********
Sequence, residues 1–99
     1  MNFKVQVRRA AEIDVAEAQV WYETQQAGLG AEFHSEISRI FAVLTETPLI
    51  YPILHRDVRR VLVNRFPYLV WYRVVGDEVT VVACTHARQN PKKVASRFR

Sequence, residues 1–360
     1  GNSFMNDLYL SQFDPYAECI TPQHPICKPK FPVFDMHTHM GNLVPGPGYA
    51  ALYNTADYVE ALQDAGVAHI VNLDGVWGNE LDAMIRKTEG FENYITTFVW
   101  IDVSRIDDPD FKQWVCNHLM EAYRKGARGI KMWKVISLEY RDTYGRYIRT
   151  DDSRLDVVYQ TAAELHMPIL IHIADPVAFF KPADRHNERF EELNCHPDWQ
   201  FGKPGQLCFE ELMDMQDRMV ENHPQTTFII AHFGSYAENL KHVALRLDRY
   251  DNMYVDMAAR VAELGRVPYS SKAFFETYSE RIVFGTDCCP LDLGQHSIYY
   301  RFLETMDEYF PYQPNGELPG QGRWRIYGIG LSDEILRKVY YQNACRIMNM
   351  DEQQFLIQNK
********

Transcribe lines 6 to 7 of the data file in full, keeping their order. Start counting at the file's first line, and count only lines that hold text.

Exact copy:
    51  ALYNTADYVE ALQDAGVAHI VNLDGVWGNE LDAMIRKTEG FENYITTFVW
   101  IDVSRIDDPD FKQWVCNHLM EAYRKGARGI KMWKVISLEY RDTYGRYIRT